Thursday, January 13, 2011

A compromise scheme for the waterfront?

Alderman Sarah Sterling's proposal that the city negotiate with Holcim to purchase its waterfront industrial property was a brilliant stroke, the first fresh thinking on the impasse in a long time. Even if the proposal does not move forward as conceived, it pushes both parties to boil down their needs to their absolute essence. Workable compromises only become possible when parties are willing to let go of a few things cluttering the debate and to focus on what is most central. When that happens, the resulting compromise usually doesn't give each party 50% of what they want, but much more.

What is the quarry operators' most essential desire? To move gravel to locations beyond the city without the city's interference.

What is the city's most essential desire? To have control and use of South Bay and the waterfront for aesthetic, recreational, and environmental purposes, and to get gravel trucks off city streets.

With the above in mind, I developed the scheme below. It is based on a major assumption that if wrong would immediately void it, but I figure it is worth putting it out there. The assumption is that the quarry operators move gravel by train to points south instead of transferring it to a barge on the Hudson waterfront. I have no idea if this would be safe (would the loads be allowed on the North-South rail line?), cost feasible (what are the efficiencies of moving gravel by train versus barge?), politically workable (would CSX, whom I presume controls the lines, allow the proposed use?) or operationally convenient (do the train lines go where the gravel needs to go, or is there a railyard downstream where an intermodal transfer could occur?). But here's how it would work.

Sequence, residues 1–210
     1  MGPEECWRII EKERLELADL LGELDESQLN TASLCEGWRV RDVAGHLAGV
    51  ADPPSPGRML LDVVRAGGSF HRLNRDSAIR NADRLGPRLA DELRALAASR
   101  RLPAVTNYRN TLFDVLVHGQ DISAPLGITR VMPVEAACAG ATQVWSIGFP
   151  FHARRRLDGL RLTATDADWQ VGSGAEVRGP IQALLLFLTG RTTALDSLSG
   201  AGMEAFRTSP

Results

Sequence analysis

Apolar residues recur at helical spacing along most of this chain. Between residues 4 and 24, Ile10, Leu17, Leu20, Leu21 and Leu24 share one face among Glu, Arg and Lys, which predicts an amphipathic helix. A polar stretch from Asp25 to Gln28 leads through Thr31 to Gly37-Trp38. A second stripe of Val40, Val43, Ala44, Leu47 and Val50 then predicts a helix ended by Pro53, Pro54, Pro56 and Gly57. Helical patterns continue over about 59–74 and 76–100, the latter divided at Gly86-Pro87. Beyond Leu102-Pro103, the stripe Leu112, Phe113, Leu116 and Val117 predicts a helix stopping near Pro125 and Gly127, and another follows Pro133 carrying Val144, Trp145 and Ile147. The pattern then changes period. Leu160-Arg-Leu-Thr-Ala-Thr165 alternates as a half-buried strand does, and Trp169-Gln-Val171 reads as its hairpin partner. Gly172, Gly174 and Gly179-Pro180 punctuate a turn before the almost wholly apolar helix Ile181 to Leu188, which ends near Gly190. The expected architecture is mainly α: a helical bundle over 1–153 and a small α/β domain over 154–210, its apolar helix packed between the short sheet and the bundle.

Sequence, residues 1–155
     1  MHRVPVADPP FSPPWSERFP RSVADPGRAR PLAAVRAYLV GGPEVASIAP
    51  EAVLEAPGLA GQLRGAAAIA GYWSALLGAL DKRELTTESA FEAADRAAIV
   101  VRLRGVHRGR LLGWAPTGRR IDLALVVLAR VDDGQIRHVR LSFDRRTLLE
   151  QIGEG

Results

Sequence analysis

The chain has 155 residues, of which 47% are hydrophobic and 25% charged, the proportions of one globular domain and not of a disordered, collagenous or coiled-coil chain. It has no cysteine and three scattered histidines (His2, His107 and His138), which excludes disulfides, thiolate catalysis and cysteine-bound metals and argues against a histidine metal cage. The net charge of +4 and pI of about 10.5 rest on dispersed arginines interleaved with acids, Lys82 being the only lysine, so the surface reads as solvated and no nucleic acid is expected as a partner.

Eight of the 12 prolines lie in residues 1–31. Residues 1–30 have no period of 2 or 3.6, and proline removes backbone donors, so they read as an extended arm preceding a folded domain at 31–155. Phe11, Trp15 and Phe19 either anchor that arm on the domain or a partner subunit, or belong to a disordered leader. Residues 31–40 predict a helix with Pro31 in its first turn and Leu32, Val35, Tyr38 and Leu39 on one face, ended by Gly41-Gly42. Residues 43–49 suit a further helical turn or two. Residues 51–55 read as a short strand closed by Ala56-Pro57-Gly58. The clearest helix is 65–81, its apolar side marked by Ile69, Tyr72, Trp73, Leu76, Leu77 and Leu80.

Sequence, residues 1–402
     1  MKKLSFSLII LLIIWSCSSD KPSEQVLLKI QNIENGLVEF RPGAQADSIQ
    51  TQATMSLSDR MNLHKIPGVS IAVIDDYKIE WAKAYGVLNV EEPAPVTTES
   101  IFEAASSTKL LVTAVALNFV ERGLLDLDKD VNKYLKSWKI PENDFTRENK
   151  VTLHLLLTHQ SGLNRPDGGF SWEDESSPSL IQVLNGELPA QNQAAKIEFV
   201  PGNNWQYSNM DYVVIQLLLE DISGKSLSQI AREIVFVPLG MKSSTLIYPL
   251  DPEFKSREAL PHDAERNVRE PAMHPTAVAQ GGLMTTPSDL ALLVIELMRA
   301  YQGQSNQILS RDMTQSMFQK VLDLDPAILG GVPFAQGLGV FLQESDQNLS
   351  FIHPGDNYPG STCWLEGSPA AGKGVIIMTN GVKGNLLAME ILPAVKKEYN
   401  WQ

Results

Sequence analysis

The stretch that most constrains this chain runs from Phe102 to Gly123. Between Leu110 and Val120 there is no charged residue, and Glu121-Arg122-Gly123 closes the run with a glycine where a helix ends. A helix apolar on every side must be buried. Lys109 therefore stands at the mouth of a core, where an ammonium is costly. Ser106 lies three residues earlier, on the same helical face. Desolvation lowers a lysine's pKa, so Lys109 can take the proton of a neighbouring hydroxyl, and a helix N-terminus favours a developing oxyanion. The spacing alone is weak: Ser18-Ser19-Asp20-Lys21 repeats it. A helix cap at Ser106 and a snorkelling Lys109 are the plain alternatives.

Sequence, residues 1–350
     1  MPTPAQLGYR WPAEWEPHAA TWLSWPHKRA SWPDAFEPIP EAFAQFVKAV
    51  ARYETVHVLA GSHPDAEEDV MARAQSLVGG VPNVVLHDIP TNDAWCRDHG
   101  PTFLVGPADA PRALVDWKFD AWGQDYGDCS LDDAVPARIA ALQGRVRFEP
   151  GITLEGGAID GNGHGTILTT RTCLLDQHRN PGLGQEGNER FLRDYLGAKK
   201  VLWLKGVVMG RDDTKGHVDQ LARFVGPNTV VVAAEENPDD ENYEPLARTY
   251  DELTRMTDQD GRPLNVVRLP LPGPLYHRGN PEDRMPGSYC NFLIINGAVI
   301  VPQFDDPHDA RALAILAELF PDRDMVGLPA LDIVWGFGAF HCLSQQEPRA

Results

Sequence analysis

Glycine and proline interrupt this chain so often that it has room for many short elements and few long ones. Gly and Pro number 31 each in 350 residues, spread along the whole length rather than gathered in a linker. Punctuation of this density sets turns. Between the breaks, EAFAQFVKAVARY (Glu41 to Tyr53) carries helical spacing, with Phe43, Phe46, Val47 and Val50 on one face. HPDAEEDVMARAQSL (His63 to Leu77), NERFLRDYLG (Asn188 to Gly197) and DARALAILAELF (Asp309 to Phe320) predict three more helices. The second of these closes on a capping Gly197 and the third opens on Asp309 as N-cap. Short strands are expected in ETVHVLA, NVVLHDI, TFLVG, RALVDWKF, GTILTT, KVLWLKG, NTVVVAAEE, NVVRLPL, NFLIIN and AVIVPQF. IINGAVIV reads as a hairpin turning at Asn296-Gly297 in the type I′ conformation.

A new private rail spur would be extended from the existing north-south railroad line, travel along the existing South Bay causeway, and terminate at the existing quarry facility on the west side of Route 9. Quarry operators would load gravel there and move it by railcar to points south without transferring it to barges at the Hudson waterfront. Holcim's ownership of the northern half of South Bay and the waterfront land and port (shown in green, and extending to the east of 9G, so that both sides of 9G remain natural) would be transferred to the city.
Rail-based scheme (click on image for larger view): A new private rail spur would allow gravel to be transported to points south without bringing it through crucial parts of Hudson and without using the deepwater port.
Again, the scheme requires a big assumption. But if it holds, both parties would get most of what they most want. The quarry operators would get to move gravel more freely and Hudson would get a larger, more peaceful waterfront and no more gravel trucks through the city.

Some details would have to be worked out. The new rail line would have to cross Route 9G at grade. The configuration of the line east of 9G would have to be more complex than what I have shown so the rail cars could be loaded. Environmental regulators and the City of Hudson probably would want to limit and meter the amount of gravel moved via the new line. But these details seem solvable if the larger picture makes sense.

A final point: As I have written elsewhere, I do not wish for the greening of Hudson's waterfront to become part of a large scale eviction of industry from the city. Real industrial activity (locally owned and operated, not the conglomerate variety) needs to be accommodated and even intensified in some areas near the waterfront for the more general well-being of Hudson. It's another compromise that is necessary to give everyone most of what they most want. A topic to be expanded on another time.


  1. If it were simply an issue of using rail instead of barge then they would form an alliance to use the closer CSX/ADM freight spur off the state truck route 23B near County Route 39.


  2. Chad, the possibility of using the ADM spur for gravel transport has been raised before by others before me. One problem with this idea is that while eliminating gravel trucks traveling through Hudson, it brings more trains through the 7th Street Park. I was looking to avoid this in my scheme.